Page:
Originally Posted by Andy Moore
Are Scorpion RIBs good in the rough stuff?
They're exceedingly good. It's an unbelievable experience, and as well as being good, they're very forgiving. I've been in many other RIBs over the last few years and I'm always pleased to get back on board Blue Ice. There's good reason for all of this... if you read up on how hull shapes affect performance, and experience a badly designed hull in action, all becomes a lot clearer. The great following sea performance isn't due to bow buoyancy, in fact the reverse is true. The shallow forefoot is one of the characteristics which helps, although this is also a small weakness in the design in other respects, as this gives the hull a tendency to drop the nose if you're nervous with the throttle, and will porpoise slightly in a slight to moderate sea. This can be overcome very easily with more throttle! And because the hull is a warped V... actually it's a very
warped V.... the bow can be plunged into large waves at high speed with very little drama - the sharp and shallow forefoot just carves into them. Warped V hulls aren't the be-all-and-end-all of RIB hull design though.... the 6.5 Scorpion (not made any more) isn't anything like as good as the 7.5 as it just doesn't have the pitch stability, and the hull comes into its own at 35+kts. Almost impossible to keep up that sort of speed in a 6.5m RIB in a rough sea. So the hulls shape doesn't really suit smaller RIBs. And in a bigger RIB, if you had a Yanmar 300 diesel with the appalling turbo lag, you might find it difficult to use the throttle to have perfect pitch control in a heavy sea, so you'd really have to make sure not to drop the bow. Even worse, if you had an iffy Bravo 3 leg and the boat's owner was nervous of making fast progress in rough seas, you wouldn't be able to exploit the superb performance from the RIB.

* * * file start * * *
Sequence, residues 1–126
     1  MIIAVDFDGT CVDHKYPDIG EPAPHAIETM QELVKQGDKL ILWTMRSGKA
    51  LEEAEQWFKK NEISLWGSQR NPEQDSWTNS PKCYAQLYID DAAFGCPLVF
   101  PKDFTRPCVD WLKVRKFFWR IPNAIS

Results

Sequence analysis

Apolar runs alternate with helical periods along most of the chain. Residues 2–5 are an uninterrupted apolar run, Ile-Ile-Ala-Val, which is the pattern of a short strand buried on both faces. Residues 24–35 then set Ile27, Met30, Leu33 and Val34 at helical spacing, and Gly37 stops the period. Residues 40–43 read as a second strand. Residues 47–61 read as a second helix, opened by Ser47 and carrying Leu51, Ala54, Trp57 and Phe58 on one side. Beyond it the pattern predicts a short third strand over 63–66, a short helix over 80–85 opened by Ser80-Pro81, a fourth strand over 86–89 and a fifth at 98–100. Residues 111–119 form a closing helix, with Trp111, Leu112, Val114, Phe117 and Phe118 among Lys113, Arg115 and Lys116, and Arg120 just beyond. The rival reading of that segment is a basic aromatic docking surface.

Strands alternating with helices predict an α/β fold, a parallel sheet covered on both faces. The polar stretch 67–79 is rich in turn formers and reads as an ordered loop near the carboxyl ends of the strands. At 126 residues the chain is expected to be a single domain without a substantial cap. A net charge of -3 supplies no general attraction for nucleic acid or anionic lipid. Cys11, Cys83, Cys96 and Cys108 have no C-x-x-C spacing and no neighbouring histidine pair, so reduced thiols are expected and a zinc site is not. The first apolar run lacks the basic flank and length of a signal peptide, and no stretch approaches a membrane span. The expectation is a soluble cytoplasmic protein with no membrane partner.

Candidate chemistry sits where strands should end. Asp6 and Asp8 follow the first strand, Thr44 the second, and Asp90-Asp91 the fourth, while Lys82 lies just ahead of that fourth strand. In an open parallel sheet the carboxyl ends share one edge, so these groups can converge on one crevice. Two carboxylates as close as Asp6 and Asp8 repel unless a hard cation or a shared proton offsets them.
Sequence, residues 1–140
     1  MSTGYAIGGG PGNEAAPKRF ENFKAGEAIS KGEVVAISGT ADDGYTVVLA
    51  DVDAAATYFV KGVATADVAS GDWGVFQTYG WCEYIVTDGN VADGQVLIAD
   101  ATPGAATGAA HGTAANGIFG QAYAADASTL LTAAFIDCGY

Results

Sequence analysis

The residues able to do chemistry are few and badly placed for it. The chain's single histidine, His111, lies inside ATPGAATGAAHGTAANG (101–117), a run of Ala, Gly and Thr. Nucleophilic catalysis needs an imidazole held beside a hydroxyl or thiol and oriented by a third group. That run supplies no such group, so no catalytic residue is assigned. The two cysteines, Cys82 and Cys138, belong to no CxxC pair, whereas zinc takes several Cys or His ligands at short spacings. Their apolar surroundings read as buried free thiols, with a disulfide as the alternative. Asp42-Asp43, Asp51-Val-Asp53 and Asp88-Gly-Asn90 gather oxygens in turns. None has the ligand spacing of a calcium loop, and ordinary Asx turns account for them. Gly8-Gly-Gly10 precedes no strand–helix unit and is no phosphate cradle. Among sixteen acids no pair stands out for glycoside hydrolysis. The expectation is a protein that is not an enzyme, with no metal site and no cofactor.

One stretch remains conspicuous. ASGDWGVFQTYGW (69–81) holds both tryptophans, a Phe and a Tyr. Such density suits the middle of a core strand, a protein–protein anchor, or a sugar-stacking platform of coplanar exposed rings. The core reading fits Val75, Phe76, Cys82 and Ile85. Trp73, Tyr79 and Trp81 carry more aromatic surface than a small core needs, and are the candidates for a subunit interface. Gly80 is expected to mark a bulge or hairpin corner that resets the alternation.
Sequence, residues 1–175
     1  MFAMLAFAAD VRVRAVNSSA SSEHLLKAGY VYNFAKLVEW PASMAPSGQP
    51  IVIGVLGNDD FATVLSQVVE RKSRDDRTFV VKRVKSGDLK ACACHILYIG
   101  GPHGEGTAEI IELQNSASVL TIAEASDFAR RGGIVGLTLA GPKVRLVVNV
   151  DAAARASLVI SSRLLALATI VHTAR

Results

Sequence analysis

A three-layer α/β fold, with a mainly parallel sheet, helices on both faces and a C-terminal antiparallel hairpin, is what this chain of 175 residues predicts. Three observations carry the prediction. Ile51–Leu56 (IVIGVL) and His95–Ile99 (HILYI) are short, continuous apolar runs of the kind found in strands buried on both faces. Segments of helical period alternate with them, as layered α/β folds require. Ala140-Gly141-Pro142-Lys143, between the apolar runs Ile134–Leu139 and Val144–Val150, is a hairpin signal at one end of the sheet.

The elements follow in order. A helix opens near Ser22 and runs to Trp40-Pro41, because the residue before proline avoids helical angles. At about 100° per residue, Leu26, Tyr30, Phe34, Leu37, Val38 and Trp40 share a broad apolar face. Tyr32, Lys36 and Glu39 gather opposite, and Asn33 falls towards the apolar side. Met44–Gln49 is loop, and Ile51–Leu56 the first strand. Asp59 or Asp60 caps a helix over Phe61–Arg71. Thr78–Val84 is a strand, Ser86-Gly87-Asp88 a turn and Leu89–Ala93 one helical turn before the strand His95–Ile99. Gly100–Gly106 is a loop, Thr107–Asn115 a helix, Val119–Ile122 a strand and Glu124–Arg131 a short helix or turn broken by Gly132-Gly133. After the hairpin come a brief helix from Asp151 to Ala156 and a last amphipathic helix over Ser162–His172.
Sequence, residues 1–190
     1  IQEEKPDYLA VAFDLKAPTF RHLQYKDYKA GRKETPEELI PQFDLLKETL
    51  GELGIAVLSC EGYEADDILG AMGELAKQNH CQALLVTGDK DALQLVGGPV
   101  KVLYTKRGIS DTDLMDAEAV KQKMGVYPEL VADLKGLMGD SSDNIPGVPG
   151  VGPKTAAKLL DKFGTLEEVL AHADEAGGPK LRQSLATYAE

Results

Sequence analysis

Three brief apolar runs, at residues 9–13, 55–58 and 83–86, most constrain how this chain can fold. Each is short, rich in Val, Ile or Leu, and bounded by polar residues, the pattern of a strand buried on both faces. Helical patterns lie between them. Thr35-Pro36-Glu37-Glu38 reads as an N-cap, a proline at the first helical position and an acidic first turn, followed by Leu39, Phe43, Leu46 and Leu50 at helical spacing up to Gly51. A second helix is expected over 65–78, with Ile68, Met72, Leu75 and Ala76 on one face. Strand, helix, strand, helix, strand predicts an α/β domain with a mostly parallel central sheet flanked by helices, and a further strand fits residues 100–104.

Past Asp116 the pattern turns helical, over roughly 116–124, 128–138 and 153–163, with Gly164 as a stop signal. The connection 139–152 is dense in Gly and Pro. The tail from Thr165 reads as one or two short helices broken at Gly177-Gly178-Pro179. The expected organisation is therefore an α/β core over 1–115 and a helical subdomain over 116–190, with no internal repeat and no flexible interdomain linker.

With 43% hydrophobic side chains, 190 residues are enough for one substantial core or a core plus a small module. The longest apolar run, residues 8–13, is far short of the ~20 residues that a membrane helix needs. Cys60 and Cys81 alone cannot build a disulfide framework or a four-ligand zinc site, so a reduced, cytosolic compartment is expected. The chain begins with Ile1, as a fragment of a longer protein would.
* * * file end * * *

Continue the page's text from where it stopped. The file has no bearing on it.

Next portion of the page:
But I digress! Other features which make the Scorpion hull perform well are the fact that the tubes don't drag in the water - this can produce a horrible yawing sensation that many people mistake for chine walking, but in some cases is actually the RIB bouncing from one tube to another. And the tube attachment has a rebate so that the water doesn't work into the glue which fixes them to the hull. There is a vertical rise above the reverse chine which is essential for hull strength (without this vertical section, the hull would be like an ironing board and have poor lateral strength) and the reverse chine itself is very important... water displaced by the V of the hull is forced against this to give lift, and the hooked profile of the chine maximises this, and keeps the occupants of the boat dry. One particularly pleasing piece of design is the fact that the reverse chine tapers out to the bow where it's not required.
It's no coincidence that all the major UK endurance records (Round Britain under 30' , Round British Isles and London-MonteCarlo) are held by Scorpion RIBs.
"Slim" tubes (tapered ones) are an option - we have standard tubes which are just as fat as on most other makes. I doubt that they make any difference to the handling at speed though - only the performance once you're full of water!